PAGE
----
I still maintain that the expensive HEART/NSTA Trust training superstructure needs to be re-examined for efficiency, significantly dismantled and the task of training cited in apprenticeship opportunities across the economy with the agency’s remit being reserved for supervision, examining and certifying. Afford the trainees a stipend for faithful participation. Bet you that if we did that, large numbers of those presently outside the labour force would engage.
Give thanks for the increase of the price paid for the labour of probably one half of the Jamaican workforce to $13,000 per week. Employers have predictably begun to bleat. All workers wait to see what will be the take-home figure when previously applicable allowances are collapsed into their salary.
At $1857 gross per day, the minimum wage-earner must feed and clothe themselves and their inevitable dependants, pay for transportation, housing, light, water and phone, tithe and throw pardner. And the NIS pensioners say thanks too, even in their barely relieved hunger.
Can any of my middle- and upper-class readers consider living like that? I pray that the age of miracles is not over because this is the inexorable fate of the working poor and retirees, the cruel reality upon which our economy is premised. God help us if inflation spikes, as it most probably will.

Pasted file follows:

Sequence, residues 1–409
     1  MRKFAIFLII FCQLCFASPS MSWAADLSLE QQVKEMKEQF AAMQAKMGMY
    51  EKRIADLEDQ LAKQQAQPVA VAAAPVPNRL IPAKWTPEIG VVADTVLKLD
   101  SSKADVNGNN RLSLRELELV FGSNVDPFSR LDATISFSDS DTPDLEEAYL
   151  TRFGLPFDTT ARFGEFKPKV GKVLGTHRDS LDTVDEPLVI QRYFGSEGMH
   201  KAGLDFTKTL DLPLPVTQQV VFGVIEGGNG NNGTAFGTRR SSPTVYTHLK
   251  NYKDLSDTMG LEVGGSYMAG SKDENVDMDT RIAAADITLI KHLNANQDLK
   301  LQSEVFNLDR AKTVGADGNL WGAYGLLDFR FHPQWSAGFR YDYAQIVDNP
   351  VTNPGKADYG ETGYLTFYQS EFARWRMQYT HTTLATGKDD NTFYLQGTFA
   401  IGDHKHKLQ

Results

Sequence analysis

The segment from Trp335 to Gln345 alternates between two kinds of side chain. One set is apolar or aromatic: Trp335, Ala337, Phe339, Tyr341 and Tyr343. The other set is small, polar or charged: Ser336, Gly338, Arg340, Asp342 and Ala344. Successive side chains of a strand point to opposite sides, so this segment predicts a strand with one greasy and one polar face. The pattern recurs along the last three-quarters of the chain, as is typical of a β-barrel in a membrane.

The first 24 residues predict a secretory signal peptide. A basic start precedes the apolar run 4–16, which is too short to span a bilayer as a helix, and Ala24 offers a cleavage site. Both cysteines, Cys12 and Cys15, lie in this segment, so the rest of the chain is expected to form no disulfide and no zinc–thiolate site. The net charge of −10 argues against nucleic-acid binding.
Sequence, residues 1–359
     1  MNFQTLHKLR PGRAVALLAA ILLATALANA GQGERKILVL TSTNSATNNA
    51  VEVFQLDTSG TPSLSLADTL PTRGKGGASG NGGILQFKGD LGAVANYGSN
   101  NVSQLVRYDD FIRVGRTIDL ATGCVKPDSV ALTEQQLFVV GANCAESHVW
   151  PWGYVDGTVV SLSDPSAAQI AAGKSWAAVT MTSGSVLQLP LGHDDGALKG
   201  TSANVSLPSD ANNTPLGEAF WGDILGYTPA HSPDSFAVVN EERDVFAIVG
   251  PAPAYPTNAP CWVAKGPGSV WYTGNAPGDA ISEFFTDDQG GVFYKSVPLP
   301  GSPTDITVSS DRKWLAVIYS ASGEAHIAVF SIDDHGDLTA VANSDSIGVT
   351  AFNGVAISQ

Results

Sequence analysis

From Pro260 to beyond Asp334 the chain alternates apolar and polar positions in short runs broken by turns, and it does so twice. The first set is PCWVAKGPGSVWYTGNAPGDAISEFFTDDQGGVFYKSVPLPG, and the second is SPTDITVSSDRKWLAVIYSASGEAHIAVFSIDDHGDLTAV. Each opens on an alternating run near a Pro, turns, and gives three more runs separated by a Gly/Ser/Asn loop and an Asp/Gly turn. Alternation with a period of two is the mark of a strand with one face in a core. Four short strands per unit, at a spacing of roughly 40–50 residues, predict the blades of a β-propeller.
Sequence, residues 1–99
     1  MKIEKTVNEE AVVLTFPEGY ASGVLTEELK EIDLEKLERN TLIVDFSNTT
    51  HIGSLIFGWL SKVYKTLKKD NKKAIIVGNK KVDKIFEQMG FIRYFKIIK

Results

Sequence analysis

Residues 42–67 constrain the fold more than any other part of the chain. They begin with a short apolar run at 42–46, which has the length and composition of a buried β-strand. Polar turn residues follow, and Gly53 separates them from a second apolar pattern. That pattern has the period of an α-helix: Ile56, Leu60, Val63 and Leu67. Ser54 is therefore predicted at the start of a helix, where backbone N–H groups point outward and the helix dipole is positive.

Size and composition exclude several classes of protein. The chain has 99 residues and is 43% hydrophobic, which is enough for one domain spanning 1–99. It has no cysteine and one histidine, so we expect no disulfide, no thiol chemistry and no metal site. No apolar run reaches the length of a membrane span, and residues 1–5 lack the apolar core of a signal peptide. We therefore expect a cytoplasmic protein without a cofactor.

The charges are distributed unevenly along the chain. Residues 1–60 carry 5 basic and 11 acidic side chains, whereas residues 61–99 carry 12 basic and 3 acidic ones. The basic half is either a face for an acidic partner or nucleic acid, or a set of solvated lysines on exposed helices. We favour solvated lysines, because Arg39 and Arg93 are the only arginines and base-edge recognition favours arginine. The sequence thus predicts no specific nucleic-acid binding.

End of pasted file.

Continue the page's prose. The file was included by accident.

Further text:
THAT’S A WRAP
This is an excellent public affairs programme. But last week, I yearned for the panellists to show understanding that higher reward without higher or more valuable output from public servants can only come from one source, more taxes. The Budget debate is almost concluded and there has still been no serious discussion inside or outside the legislature, about increasing productivity.
The panellists seem to assume that swift improvement of the condition of the disadvantaged in our society would mean extravagant borrowing. But who is proposing that? A bigger budget is not the issue. The efficient use of the trillion dollars is the key question. The political culture cannot countenance this task. I contend that within existing resources we could afford superior education, health and welfare facilities if we systematically cut out the waste, overlap, the expense of undeserved entitlement and petty corruption which ‘nyams up’ billions of expenditure. Who’s up for zero budgeting now?
Denbigh High School has made important strides in quality over recent years, largely due to inspired leadership. Recent reports indicate their resolve to improve athletic performance. That is good, but only by nurturing their existing students and in the context of exceptional academic and behavioural standards. Please make sure that aspiring to do better at Champs or daCosta Cup does not mean ‘inducing’ (aka bribing) outsiders to enrol. Teaching children that life is about winning at all costs is the worst kind of moral blindness.
Rev Ronald G Thwaites is an attorney-at-law. Send feedback to email@example.com.